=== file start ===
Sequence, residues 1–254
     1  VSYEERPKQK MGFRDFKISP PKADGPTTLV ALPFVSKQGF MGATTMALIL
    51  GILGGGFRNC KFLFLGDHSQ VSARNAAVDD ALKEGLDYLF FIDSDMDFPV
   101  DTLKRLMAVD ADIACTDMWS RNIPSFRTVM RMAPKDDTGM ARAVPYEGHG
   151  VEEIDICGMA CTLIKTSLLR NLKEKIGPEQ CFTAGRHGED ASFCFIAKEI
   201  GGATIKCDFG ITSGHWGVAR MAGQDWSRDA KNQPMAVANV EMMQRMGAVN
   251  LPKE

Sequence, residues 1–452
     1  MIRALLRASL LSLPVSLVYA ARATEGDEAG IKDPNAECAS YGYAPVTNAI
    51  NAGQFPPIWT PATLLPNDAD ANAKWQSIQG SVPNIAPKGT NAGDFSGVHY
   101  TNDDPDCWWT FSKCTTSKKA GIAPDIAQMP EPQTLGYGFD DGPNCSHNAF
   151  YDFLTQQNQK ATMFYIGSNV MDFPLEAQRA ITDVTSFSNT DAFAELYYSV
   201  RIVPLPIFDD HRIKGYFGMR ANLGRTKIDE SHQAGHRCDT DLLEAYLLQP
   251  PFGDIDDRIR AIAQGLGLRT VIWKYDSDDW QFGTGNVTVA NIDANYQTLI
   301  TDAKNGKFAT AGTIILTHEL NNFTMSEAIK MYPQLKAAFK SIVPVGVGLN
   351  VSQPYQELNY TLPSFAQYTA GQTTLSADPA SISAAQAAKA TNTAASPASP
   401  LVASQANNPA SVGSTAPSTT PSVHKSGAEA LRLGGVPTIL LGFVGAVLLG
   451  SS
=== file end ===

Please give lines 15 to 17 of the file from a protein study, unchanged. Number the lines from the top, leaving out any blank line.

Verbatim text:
   301  TDAKNGKFAT AGTIILTHEL NNFTMSEAIK MYPQLKAAFK SIVPVGVGLN
   351  VSQPYQELNY TLPSFAQYTA GQTTLSADPA SISAAQAAKA TNTAASPASP
   401  LVASQANNPA SVGSTAPSTT PSVHKSGAEA LRLGGVPTIL LGFVGAVLLG